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So far, no one has found a reliable way to forecast earthquakes, even though many scientists have tried. Some experts consider it a hopeless endeavor. “You’re viewed as a nutcase if you say you think you’re going to make progress on predicting earthquakes,” says Paul Johnson, a geophysicist at Los Alamos National Laboratory. But he is trying anyway, using a powerful tool he thinks could potentially solve this impossible puzzle: artificial intelligence.
Researchers around the world have spent decades studying various phenomena they thought might reliably predict earthquakes: foreshocks, electromagnetic disturbances, changes in groundwater chemistry—even unusual animal behavior. But none of these has consistently worked. Mathematicians and physicists even tried applying machine learning to quake prediction in the 1980s and ’90s, to no avail. “The whole topic is kind of in limbo,” says Chris Scholz, a seismologist at Columbia University’s Lamont–Doherty Earth Observatory.
But advances in technology—improved machine-learning algorithms and supercomputers as well as the ability to store and work with vastly greater amounts of data—may now give Johnson’s team a new edge in using artificial intelligence. “If we had tried this 10 years ago, we would not have been able to do it,” says Johnson, who is collaborating with researchers from several institutions. Along with more sophisticated computing, he and his team are trying something in the lab no one else has done before: They are feeding machinesraw data—massive sets of measurements taken continuously before, during and after lab-simulated earthquake events. They then allow the algorithm to sift through the data to look for patterns that reliably signal when an artificial quake will happen. In addition to lab simulations, the team has also begun doing the same type of machine-learning analysis using raw seismic data from real temblors.
It remains unknown how the small strains induced by seismic waves can trigger earthquakes at large distances, in some cases thousands of kilometres from the triggering earthquake, with failure often occurring long after the waves have passed1, 2, 3, 4, 5, 6. Earthquake nucleation is usually observed to take place at depths of 10–20 km, and so static overburden should be large enough to inhibit triggering by seismic-wave stress perturbations. To understand the physics of dynamic triggering better, as well as the influence of dynamic stressing on earthquake recurrence, we have conducted laboratory studies of stick–slip in granular media with and without applied acoustic vibration. Glass beads were used to simulate granular fault zone material, sheared under constant normal stress, and subject to transient or continuous perturbation by acoustic waves. Here we show that small-magnitude failure events, corresponding to triggered aftershocks, occur when applied sound-wave amplitudes exceed several microstrain. These events are frequently delayed or occur as part of a cascade of small events. Vibrations also cause large slip events to be disrupted in time relative to those without wave perturbation. The effects are observed for many large-event cycles after vibrations cease, indicating a strain memory in the granular material. Dynamic stressing of tectonic faults may play a similar role in determining the complexity of earthquake recurrence.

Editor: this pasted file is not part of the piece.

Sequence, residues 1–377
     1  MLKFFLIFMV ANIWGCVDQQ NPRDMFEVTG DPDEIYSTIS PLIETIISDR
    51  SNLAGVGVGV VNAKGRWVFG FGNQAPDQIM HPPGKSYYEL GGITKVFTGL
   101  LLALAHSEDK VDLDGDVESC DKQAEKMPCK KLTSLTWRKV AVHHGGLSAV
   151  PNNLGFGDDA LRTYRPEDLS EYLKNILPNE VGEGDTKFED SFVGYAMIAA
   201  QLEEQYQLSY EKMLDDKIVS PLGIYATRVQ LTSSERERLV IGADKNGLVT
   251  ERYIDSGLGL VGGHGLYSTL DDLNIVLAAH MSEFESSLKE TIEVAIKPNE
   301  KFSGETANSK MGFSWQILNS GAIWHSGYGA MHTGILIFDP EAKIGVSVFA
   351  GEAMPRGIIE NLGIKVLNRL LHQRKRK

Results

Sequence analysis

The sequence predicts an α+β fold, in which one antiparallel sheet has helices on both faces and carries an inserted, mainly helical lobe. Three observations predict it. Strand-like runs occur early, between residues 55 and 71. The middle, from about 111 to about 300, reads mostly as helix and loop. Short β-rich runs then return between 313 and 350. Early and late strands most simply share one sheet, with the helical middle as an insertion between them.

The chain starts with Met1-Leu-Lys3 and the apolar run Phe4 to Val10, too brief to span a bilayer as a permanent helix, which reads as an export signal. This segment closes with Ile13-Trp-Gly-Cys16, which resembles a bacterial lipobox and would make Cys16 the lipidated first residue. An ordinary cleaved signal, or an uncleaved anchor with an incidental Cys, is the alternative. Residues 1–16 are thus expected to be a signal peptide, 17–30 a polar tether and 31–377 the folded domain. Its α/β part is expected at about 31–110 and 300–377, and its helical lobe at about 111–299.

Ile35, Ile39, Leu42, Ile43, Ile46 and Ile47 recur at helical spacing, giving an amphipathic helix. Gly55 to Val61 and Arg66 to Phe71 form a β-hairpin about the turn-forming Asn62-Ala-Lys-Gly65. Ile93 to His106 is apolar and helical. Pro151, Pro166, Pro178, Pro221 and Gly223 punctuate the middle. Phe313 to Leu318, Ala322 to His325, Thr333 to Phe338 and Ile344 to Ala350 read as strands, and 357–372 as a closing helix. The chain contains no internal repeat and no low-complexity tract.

The six scientists—three seismologists, a volcanologist, and two seismic engineers—together with a public official were put on trial in 2011 for advice they gave at a meeting of an official government advisory committee known as the Major Risks Commission held on 31 March 2009. The judge in that trial, Marco Billi, concluded that the experts' advice was unjustifiably reassuring and led some of the 309 victims of the earthquake, which struck L'Aquila in the early hours of 6 April 2009, to underestimate the threat posed by the ongoing "swarm" of tremors and so remain indoors on that fateful night rather than seek shelter outdoors. Describing the experts' risk analysis as "superficial, approximate and generic," Billi sentenced each of them to 6 years in jail.
Earthquake magnitude prediction for Hindukush region has been carried out in this research using the temporal sequence of historic seismic activities in combination with the machine learning classifiers. Prediction has been made on the basis of mathematically calculated eight seismic indicators using the earthquake catalog of the region. These parameters are based on the well-known geophysical facts of Gutenberg–Richter’s inverse law, distribution of characteristic earthquake magnitudes and seismic quiescence. In this research, four machine learning techniques including pattern recognition neural network, recurrent neural network, random forest and linear programming boost ensemble classifier are separately applied to model relationships between calculated seismic parameters and future earthquake occurrences. The problem is formulated as a binary classification task and predictions are made for earthquakes of magnitude greater than or equal to 5.5 (M≥ 5.5), for the duration of 1 month. Furthermore, the analysis of earthquake prediction results is carried out for every machine learning classifier in terms of sensitivity, specificity, true and false predictive values. Accuracy is another performance measure considered for analyzing the results. Earthquake magnitude prediction for the Hindukush using these aforementioned techniques show significant and encouraging results, thus constituting a step forward toward the final robust prediction mechanism which is not available so far.